So it’s been a bit of a process, as they say in the world of therapy, this whole Britain’s Got Talent thing. I’m usually allowed 450 words in the magazine columns that I write but with the first blog I wrote on the whole experience, that was nowhere near enough and I found myself writing over a thousand in the end. It can be a cathartic experience, blogging and this was a good example.

I did write that blog a couple of days after my BGT audition but it was the Saturday afterwards (I auditioned on the Wednesday) that I crashed. Not mentally thankfully but physically. I was so exhausted. A tiredness that I hadn’t experienced before. Utterly broken. And thinking back, it was a punishing day. I had nine hours of intense interviews, staged pieces to camera, chats with producers, chats with other contestants (my favourite bit) and a lot of sitting around. Just sitting and waiting. And when my moment came, it was over in seconds. The judges took one look at me, heard my voice (it was awful) and decided that they wanted to go home and would, by coincidence, also be sending me in that direction.

Now I’d gone in as a character, Vince Venus and there was two reasons for this; self-perseveration and comedy value. If I acted the twat and came across as a twat, then it’s Vince’s fault, not mine. I didn’t see this as a career opportunity. A record contract was never going to happen. I already have my dream job. Did I want to raise my profile? Of course I did. At every opportunity. But I’ve been watching the show for years and I knew what I was letting myself in for. I knew I was at the hands of Cowell and his evil empire. But I also knew the opportunity to mince around on stage in a catsuit in front of a potential national audience, was too good to turn down. I simply had to do it. It’s a similar feeling when I walk in to a karaoke bar.I have to get up and sing. It’s in the blood.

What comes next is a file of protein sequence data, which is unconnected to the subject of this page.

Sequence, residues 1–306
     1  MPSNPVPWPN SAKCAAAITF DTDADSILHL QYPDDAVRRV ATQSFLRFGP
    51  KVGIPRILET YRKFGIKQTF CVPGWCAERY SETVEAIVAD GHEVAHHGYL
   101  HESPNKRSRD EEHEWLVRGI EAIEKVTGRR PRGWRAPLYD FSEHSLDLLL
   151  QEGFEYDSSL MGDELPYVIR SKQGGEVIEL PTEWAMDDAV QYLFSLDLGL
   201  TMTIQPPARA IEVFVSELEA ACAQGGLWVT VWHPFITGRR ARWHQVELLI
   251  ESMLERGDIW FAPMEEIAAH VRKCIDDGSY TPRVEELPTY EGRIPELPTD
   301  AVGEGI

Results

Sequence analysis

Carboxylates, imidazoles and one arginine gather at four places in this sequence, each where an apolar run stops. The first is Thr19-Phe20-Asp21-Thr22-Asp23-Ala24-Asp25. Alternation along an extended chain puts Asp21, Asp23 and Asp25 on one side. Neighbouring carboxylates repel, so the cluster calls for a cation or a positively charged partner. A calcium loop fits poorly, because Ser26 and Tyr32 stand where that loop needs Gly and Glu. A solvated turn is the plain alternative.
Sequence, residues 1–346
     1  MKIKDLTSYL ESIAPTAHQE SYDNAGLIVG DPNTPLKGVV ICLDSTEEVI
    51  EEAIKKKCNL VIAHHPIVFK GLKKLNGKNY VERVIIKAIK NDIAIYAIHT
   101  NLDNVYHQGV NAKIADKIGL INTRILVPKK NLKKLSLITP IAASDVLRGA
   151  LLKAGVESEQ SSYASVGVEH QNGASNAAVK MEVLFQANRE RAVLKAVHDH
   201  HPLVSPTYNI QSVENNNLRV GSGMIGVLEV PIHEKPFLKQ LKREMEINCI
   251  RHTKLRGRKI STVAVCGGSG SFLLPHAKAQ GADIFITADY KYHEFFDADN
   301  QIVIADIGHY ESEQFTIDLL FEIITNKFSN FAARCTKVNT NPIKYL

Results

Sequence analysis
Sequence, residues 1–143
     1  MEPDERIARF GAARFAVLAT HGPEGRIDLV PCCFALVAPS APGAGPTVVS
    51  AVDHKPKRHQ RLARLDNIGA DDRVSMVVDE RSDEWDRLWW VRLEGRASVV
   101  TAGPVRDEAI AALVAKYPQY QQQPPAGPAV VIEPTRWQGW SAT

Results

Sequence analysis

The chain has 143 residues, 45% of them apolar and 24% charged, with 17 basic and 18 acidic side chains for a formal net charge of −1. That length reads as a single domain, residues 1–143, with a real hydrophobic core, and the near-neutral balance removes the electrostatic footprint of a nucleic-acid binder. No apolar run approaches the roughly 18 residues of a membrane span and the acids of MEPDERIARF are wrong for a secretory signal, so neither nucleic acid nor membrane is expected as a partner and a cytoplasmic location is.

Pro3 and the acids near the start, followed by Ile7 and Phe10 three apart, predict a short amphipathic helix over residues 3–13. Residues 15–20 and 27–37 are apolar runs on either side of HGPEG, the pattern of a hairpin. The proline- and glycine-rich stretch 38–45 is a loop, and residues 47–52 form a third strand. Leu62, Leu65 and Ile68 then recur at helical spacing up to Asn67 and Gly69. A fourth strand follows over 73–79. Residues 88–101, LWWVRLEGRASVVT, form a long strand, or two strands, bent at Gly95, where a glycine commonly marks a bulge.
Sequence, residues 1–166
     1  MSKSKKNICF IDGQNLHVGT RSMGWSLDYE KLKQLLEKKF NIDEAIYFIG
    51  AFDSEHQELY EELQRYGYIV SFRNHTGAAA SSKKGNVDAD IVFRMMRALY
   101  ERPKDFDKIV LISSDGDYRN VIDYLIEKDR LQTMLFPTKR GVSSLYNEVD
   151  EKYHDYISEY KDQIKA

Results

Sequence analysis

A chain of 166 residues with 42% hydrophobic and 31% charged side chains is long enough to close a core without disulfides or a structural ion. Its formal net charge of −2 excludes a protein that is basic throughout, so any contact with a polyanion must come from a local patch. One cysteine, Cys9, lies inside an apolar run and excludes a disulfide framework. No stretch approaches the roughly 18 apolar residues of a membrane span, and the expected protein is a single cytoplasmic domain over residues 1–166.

As a performer though, it does hurt to have someone tell you to get off stage. Especially after fifteen seconds (a record according to Ant N’ Dec). Ask any comedian, actor, compere, etc. It’s your worst nightmare. It’s a kick in the egotistical balls. But that’s the nature of the show and I left with grace and a smile on my face. As I mentioned previously, if you’re going to fall, fall spectacularly. Notice I use the word fall, rather than fail. It’s just one letter of difference but I don’t believe in failure. I don’t do failure. It’s a terrible word that should be banished from the English Dictionary. I didn’t fail on Britain’s Got Talent. I had a ball, despite some of the things I’ve mentioned previously. It was a great experience and I hope you get to see my balls (it was a very tight catsuit) on national TV soon.